Book Review of “The Case for Cancel Culture” by Ernest Owens

cancel culture cover

© James Pyles

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I don’t normally review books such as Ernest Owens’ The Case for Cancel Culture: How this Democratic Tool Works to Liberate Us All on this blog, but having inadvertently encountered one of the author’s tweets on twitter, I was intrigued.


Screen capture from twitter

Note that general replies are disabled on that tweet, and this from an author who wants to “liberate us all.”

At first, I thought this was a gag. I mean, these are gifs, for crying out loud. But in reviewing his twitter stream, I saw he was absolutely serious. Looking up his official bio gave me a clue as to why:

Ernest Owens is an award-winning journalist and CEO of Ernest Media Empire, LLC. He is the Editor at Large for Philadelphia Magazine and President of the Philadelphia Association of Black Journalists. He hosts the hit podcast “Ernestly Speaking!” and is an author of the book “The Case for Cancel Culture” by St. Martin’s Press, an imprint of Macmillan Publishers. As an openly Black gay journalist, he has made headlines for speaking frankly about intersectional issues in society regarding race, LGBTQIA, and pop culture. In 2018, he launched his growing media company that specializes in multimedia production, consulting, and communications.

Ah! He’s selling a book. A great many outrageous statements have been made by some authors in pursuit of selling a book, and this one was published about six-weeks ago as I write this missive.

I couldn’t wait to see what the book was about.

I’ll try to keep this part short. Here’s a snippet of the blurb for the book on Amazon:

The first major case for cancel culture as a fundamental means of democratic expression throughout history, and timely necessity aimed at combating systems of oppression.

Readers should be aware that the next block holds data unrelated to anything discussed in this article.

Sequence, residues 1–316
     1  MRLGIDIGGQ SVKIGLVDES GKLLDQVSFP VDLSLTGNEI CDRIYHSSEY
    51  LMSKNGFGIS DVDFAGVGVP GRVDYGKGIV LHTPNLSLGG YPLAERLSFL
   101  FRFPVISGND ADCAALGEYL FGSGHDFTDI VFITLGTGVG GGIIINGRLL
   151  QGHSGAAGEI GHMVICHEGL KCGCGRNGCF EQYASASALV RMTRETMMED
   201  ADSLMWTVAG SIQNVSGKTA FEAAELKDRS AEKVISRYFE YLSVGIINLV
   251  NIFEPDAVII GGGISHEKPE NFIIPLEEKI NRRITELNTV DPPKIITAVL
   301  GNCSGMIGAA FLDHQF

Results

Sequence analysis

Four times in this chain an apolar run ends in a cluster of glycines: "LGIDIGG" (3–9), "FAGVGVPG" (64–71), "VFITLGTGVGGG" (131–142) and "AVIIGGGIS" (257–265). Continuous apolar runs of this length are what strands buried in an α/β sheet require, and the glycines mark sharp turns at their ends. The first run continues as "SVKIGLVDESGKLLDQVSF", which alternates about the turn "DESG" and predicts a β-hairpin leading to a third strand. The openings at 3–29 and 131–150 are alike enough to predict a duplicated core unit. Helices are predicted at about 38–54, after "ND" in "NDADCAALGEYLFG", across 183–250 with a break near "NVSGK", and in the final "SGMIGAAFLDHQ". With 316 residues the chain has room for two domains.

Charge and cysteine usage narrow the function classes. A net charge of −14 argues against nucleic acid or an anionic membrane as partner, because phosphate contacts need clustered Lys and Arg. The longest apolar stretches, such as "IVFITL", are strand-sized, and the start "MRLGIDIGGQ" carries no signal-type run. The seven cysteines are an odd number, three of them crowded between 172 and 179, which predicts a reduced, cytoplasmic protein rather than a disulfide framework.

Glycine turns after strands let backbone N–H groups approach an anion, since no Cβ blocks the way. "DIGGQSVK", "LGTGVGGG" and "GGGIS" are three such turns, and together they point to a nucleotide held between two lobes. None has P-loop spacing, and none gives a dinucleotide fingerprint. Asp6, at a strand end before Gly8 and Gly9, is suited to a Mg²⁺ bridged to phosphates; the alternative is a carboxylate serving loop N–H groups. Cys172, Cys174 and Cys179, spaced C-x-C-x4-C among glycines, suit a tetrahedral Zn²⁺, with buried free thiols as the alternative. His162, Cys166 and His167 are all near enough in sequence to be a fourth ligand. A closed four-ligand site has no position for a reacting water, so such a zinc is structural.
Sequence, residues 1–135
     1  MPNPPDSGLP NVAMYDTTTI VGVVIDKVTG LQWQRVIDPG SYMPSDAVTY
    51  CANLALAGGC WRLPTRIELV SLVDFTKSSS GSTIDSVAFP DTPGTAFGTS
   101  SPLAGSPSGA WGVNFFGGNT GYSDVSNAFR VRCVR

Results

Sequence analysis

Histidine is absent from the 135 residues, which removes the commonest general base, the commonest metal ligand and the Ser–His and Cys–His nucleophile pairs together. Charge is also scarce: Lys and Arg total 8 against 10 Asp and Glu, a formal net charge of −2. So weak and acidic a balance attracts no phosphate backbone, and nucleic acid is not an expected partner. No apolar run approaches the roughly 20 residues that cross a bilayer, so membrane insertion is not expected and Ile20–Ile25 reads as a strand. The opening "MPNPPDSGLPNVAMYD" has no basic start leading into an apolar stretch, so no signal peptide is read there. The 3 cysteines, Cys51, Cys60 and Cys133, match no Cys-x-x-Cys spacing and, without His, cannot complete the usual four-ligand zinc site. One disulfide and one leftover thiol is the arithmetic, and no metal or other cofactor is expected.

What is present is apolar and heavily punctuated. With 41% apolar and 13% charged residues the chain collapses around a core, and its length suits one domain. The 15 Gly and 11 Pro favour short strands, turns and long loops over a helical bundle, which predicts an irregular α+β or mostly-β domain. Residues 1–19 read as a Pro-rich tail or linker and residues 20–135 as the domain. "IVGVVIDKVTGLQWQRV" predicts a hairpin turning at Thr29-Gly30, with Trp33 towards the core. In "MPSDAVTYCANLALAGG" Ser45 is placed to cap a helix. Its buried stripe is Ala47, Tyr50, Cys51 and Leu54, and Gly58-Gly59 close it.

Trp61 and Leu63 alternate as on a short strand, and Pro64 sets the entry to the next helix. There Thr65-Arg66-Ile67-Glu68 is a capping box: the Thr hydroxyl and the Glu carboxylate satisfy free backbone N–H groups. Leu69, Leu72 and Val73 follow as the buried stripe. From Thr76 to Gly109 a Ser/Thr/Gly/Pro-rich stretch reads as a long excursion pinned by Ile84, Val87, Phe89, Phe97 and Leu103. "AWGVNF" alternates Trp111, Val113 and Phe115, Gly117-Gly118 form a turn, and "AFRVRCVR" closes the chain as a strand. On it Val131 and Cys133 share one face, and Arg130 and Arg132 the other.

That wouldn’t have been my short definition of “cancel culture,” but I’ll get to that.

I noted that there were quite a number of kudos listed for the book on Amazon. Here’s a bit of a sample:

“Journalist Owens debuts with an incisive defense of cancel culture… his arguments are thought-provoking and well supported. The result is an invigorating survey of a hot-button political issue.” ―Publishers Weekly

“A…relevant reminder of the possibilities of cancel culture and how it can make the powerful accountable.” ―Kirkus

“Owens offers a fresh take on cancel culture as a powerful instrument for change.” ―Refinery 29

“Ernest Owens takes a pointed but measured approach, tracing [cancel culture’s] path from Black Twitter to the larger consciousness, and laying out its intersections with race, gender, politics and pop culture. Owens is especially effective when recounting his personal adventures in the cancel culture realm, from criticizing the Mummers to sparking a national conversation about cultural appropriation with a single tweet to Justin Timberlake.” ―Philadelphia Inquirer, Best New Books for February

“So much of the political landscape within the United States is steeped in false equivalences. The term “Cancel Culture” gets thrown around as a Boogey Man to strike fear into the hearts of many, without any analysis of what is actually being named. The Case for Cancel Culture is clear and honest about what Cancel Culture is (and isn’t) and is necessary in the fight for critical thought.” ―J Mase III, author of The Black Trans Prayer Book

“The Case for Cancel Culture is not just essential at this juncture in time, it’s an important tool for all times, and for anyone looking to learn how to have the difficult but necessary conversations about race, injustice, inequality and oppression. What Ernest Owens does in his book is what he’s been doing for all the years he’s been writing: He gives voice to the voiceless and amplifies the message of the marginalized. The powers that be fear two things: Getting knocked from their perch, and Owens, who shows us the way.” ―Dawn Ennis, award-winning journalist, advocate and university professor

“Whether with thorough, bulletproof reporting or incisive, thoughtful op-eds, Ernest Owens has always been a journalist whose work demands accountability. He has always had moral clarity, nuanced perspective, and the facts to back them up. It’s only fitting that he would write one of the definitive works on cancel culture.” ―William E. Ketchum III, Senior Culture Editor, Mic

I noticed that the author quoted William E. Ketchum III (the last reviewer cited) at least twice in the book, so I suppose it makes sense Ketchum would heap praises on “Cancel Culture.”